I have loved raising my kids here. I love my spiritual communities: my UU home congregation, my Buddhist sangha, my little basically non-denominational church in the hills. I love the school communities that helped grow my kids up: the community action daycare, the hippy-dippy charter school, the public high school. I love the politics. The sensibilities. The size. The downtown. The rail trail. The people.
I love it, right now, in an anticipatory-likely-leaving-in-the-near-future way. The love is just that bit more dire, that bit more tender, that bit more bittersweet.
I am reminded that I love my small city because here I am, sitting at a high school graduation in which I have no official skin, which is to say, both my babies already did this, but here I am, because my family is about to expand one more. And the one more will be, mid-way through this community rite of passage, walking across the stage with her triumphant arms raised high because this accomplishment, which many take for granted (which I took for granted), was never guaranteed, not for her, but she made it happen anyway.
I love my small city. As I settle into my balcony seat in the borrowed-from-Smith-College building without air conditioning and a mass of humanity practicing its own form of, not global, but spacial, warming, I am awash in crushed out bliss.
The auditorium is nearly full, so when I look around and see a humanity, I see that they are dressed across a continuum: the t-shirt & shorts folks sitting along side the dressed-to-the-nines types. Some are dressed conservatively, some flashy, some casual, some artsy.
In front of me is a Sikh family: the father in navy blue full suit and the same burnt orange turban, intricately folded, that I have seen him wearing when he mows his lawn down the street from where I live. Next to him is his wife, warning a white billowy dress and earrings that dazzle and hang low.
There’s the mother of a kid I mentored in middle school, then lost touch and lost track. It’s good to know she is somewhere among the mortarboard-capped graduates.
There are littlests and kiddos of all ilk – behaving well to start, but who knows how the hours will unfold.
There is more than a smattering of lesbian moms throughout the crowd – this is Lesbianville, true to the moniker granted in 1989 by the National Enquirer.
God, I love this place.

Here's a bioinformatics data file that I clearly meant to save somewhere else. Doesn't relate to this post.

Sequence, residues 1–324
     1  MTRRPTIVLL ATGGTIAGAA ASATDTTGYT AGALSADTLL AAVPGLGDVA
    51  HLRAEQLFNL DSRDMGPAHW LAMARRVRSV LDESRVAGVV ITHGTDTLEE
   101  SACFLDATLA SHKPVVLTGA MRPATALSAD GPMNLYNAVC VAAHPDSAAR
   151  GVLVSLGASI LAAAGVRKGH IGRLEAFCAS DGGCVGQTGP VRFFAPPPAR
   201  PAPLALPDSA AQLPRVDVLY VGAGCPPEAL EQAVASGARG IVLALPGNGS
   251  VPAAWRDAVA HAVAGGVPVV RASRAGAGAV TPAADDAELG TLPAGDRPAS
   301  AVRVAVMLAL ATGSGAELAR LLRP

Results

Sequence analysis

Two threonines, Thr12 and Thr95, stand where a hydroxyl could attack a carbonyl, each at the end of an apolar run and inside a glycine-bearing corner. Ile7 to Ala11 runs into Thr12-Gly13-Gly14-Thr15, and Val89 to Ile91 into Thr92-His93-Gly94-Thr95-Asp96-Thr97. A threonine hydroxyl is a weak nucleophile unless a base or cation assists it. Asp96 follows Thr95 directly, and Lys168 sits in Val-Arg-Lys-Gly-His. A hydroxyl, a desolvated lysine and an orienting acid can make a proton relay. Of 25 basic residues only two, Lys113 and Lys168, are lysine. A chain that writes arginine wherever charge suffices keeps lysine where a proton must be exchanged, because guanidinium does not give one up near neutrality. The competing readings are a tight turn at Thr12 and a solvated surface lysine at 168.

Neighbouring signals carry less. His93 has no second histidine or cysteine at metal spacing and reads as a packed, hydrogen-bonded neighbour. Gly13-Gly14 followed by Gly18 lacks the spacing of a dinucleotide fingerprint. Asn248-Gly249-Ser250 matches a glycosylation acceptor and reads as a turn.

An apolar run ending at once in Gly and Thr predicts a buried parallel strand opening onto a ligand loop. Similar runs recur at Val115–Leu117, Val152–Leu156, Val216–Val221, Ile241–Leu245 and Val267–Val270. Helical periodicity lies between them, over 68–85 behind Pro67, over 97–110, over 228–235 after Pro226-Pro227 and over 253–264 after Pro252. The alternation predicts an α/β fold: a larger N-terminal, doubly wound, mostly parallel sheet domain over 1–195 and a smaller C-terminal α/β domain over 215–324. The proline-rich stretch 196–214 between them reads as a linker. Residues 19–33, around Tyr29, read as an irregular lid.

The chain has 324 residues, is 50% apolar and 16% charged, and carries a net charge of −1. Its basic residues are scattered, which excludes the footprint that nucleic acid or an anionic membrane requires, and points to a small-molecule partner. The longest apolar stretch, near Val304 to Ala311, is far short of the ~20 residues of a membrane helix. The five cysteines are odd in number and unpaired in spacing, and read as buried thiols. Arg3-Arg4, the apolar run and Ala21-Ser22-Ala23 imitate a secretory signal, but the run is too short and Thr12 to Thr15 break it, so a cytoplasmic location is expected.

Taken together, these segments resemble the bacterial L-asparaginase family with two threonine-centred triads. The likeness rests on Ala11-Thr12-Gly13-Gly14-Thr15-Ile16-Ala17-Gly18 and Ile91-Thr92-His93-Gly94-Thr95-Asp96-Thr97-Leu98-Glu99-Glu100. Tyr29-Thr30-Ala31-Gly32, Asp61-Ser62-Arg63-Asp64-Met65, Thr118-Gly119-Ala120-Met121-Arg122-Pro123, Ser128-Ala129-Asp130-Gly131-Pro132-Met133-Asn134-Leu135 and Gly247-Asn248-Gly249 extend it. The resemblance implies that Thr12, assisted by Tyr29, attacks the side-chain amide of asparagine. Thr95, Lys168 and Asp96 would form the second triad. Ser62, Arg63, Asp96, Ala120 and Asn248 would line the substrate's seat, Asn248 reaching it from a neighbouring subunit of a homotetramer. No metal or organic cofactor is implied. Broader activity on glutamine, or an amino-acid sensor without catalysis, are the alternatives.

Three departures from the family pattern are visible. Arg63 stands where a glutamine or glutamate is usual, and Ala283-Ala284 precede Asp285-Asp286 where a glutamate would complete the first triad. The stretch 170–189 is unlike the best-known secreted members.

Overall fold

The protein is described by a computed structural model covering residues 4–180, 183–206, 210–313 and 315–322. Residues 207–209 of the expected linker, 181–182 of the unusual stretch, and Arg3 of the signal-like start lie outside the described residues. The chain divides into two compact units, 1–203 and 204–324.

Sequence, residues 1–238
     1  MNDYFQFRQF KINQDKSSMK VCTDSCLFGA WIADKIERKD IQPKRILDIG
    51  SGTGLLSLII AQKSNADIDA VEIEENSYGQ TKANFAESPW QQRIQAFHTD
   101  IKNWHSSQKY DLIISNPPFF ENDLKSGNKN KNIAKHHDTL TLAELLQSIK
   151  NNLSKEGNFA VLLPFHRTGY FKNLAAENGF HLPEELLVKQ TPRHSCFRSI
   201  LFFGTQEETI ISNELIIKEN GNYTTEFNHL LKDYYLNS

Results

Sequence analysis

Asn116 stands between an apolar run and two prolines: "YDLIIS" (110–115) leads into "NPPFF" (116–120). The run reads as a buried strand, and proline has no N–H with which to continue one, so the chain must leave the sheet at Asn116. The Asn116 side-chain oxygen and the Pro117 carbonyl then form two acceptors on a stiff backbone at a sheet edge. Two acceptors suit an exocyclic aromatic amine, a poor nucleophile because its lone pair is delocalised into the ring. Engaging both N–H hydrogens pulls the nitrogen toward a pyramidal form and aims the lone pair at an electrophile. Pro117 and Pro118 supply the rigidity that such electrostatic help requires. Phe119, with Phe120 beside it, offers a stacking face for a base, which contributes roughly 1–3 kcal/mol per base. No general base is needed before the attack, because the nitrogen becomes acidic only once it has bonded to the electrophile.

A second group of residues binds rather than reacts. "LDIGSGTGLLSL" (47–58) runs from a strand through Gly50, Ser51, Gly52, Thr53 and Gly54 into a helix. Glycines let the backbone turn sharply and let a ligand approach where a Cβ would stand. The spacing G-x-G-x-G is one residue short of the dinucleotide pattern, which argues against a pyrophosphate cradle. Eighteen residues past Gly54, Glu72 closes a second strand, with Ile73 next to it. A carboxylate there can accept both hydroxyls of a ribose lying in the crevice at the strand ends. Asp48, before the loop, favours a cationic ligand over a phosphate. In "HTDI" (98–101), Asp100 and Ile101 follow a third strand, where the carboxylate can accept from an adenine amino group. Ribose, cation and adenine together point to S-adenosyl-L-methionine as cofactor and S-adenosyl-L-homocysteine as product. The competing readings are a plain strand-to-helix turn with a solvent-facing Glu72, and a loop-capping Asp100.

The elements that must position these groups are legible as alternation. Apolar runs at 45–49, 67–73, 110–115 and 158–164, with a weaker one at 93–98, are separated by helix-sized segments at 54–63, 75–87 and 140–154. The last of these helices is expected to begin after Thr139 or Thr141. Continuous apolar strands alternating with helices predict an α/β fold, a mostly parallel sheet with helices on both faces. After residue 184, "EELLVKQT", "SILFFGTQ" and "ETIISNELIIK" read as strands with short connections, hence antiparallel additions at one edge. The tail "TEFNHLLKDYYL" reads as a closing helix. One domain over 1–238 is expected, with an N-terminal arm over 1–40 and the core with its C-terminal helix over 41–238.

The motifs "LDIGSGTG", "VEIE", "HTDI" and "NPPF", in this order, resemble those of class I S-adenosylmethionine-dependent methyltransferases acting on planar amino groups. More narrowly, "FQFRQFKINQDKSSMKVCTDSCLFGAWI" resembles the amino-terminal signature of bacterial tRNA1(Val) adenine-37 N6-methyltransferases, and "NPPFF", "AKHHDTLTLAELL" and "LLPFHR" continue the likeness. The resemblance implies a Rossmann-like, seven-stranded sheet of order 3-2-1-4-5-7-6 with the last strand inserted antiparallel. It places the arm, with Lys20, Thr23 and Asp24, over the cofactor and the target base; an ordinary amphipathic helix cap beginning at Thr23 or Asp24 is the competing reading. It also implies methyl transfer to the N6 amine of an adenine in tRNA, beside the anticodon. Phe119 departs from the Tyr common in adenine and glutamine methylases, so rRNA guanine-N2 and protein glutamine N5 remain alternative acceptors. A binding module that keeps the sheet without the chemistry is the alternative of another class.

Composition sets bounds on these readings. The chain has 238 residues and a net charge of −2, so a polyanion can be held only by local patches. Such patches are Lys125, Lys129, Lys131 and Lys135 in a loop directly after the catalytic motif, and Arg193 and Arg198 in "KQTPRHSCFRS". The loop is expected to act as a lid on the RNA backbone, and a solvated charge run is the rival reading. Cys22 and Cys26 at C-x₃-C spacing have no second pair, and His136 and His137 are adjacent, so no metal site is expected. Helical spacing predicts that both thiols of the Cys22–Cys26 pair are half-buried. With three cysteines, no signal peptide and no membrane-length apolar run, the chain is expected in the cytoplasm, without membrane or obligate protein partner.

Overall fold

Nearby is what I think is likely Urdu, and while English predominates, there are strains of Central American and Puerto Rican Spanish. I’m pretty sure there are other languages, but that’s just what my ears are taking in.
There are babies letting us know they are here, both with their delight and their displeasure – all of it accompanied by the high school band, mostly in tune, mostly in sync, one of the flutists with pink-streaked hair.
For the national anthem everyone stands. Here’s another reason I love this town: half of us have our hands on our hearts and half of us don’t. And though there are the usual suspects on either side of this particular divide, there are conspicuous defectors – the shaved-head vet whose hand is not on his chest, the flaming liberal whose hand is.
And the thing that has made me fall in love again with this small city I have called home for the past two decades? This simple, silly thing: there, on the stage, next to the principal (who saved my son’s a** more times than he deserved but just as many times as necessary), next to the superintendent, is… wait for it…the mayor.
Our mayor, with his brush-cut hair and his straight-laced suit and earnest demeanor, whose photo while riding on a paving machine with the regular Department of Public Works guys was recently posted on Facebook, there he is. The guy who has to settle union disputes and make budgets balance and be both demeaned and praised publicly while still keeping his cool, there he is, spending his Sunday afternoon, witnessing this best, most important-so-far feat of scores of 17- and 18-year-olds.
I know he’s been there before. This is not new. He was at my daughter’s graduation. He was at my son’s. Though this doesn’t much happen in the big cities, I do know this happens in small towns and even in other small cities. I know this is not unique.
But it is just right for me. Just the right size. Just the right size to fall in love. Again.